In addition to oil, the Deepwater Horizon site is gushing massive amounts of methane – a principal component of natural gas.
About 40% of the volume emanating from the pipe penetrating the seafloor is methane. In fact, a giant methane bubble is thought to have been involved in the initial explosion of the Deepwater Horizon Platform.
Methane is a gas and should float to the surface and be (ideally) captured, or at very least, released into the atmosphere. But when it bubbles through seawater at very low temperatures and very high pressures, it doesn’t just float to the surface. It can mix with water, undergo chemical changes, and remain deep below the surface.
We do not understand the environmental effects that water-saturated methane and its related chemical compounds will have on marine food chains, but one might well imagine they are not good. One of the most obvious ramifications is repeated dead zones; shifting over time and space. Of course, others will come, we just don’t know this well enough to predict them at the present time.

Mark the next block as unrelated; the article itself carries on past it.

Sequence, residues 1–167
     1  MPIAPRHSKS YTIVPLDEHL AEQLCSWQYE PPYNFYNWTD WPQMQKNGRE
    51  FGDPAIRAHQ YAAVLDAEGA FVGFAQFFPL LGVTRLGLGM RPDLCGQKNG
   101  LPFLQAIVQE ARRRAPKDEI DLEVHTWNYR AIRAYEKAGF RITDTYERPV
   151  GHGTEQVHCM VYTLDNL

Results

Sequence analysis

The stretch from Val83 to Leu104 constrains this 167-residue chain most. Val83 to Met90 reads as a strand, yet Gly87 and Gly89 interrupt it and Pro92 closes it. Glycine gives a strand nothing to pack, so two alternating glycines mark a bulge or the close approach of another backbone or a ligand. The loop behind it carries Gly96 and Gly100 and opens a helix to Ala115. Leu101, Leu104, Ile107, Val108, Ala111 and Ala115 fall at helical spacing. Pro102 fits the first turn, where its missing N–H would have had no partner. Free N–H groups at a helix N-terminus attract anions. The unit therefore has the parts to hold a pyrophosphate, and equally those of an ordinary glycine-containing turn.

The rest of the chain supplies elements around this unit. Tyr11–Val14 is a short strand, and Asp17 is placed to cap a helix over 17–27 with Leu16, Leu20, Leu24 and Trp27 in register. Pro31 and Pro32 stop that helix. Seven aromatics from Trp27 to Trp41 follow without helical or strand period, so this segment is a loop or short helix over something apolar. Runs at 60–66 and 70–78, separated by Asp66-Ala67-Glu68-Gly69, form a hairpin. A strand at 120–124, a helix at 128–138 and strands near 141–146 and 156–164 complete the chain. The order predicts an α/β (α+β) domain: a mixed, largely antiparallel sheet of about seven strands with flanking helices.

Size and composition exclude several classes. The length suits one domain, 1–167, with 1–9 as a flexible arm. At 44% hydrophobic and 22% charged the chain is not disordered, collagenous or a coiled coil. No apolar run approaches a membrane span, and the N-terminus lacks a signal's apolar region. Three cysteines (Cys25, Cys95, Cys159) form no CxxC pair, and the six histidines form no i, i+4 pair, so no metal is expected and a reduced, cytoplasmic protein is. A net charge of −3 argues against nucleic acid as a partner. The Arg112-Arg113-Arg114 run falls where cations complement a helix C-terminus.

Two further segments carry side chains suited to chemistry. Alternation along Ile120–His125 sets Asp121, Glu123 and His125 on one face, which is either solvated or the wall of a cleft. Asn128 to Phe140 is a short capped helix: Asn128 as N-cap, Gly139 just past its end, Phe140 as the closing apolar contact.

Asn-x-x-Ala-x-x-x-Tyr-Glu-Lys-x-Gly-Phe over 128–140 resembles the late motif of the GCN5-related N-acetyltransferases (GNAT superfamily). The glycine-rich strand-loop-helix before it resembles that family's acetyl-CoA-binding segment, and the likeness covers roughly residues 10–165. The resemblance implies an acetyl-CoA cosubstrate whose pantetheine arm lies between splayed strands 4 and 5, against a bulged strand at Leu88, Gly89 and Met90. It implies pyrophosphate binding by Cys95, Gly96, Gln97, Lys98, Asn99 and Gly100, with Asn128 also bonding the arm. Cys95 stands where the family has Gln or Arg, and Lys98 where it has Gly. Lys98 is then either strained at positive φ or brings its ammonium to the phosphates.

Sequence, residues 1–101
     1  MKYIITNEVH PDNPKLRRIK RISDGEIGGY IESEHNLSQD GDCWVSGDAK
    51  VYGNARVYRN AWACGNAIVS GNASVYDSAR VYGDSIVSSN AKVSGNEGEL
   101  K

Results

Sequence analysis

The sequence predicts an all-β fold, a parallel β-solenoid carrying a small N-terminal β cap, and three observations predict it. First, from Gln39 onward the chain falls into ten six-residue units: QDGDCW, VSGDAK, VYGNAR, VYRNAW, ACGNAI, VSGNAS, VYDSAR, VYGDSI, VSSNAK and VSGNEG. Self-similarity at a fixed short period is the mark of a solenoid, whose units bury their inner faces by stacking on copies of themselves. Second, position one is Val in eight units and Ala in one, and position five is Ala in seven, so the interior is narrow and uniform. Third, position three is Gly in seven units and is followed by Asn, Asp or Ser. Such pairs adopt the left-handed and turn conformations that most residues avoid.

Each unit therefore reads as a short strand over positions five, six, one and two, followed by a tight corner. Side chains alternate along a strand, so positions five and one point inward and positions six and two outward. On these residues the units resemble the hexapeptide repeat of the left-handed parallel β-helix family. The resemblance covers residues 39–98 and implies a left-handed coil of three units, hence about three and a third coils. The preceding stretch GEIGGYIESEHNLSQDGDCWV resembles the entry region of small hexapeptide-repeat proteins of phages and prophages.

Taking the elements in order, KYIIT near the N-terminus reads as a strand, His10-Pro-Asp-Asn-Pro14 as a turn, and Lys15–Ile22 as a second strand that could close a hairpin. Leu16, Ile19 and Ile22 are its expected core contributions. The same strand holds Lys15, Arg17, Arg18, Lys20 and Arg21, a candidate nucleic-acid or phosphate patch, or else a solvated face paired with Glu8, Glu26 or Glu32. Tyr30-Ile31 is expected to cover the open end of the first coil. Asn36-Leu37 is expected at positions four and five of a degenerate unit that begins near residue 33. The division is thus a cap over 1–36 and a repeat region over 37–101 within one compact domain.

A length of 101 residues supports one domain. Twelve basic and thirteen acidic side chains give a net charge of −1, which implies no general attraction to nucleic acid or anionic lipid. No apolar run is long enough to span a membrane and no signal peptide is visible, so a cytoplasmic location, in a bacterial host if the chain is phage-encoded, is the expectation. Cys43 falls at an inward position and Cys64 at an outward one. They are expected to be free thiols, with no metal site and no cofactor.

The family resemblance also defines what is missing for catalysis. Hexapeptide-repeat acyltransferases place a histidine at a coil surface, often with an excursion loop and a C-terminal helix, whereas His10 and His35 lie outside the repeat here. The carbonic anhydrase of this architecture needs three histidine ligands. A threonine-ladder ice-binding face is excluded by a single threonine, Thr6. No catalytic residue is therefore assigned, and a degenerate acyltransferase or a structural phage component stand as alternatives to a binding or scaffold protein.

Oceanographer Samantha Joye has reported methane concentrations 10,000 times above the normal level found in seawaters and oxygen levels at 40% below normal levels. Her investigation is not on the surface, but 1000 feet beneath the it. She reports these as “the most bizarre looking oxygen profiles I have ever seen anywhere”. It will take some time to try put the pieces together and figure out what the effects of this aspect of the spill are and will be.
If you would like more information on her research in an easy to read format, check out her blog; it is a great source of information.
So what do we do with this newest tidbit of information about the oil “spill” in the Gulf of Mexico? I think most importantly, we dedicate ourselves to changing the way we consume energy; demand change – on both a personal and societal level. Secondly, don’t be pacified that the only ramifications involve oil on the surface and shorelines. Thirdly, recognize the dire need to research and know more about the oceans that support our life on this planet.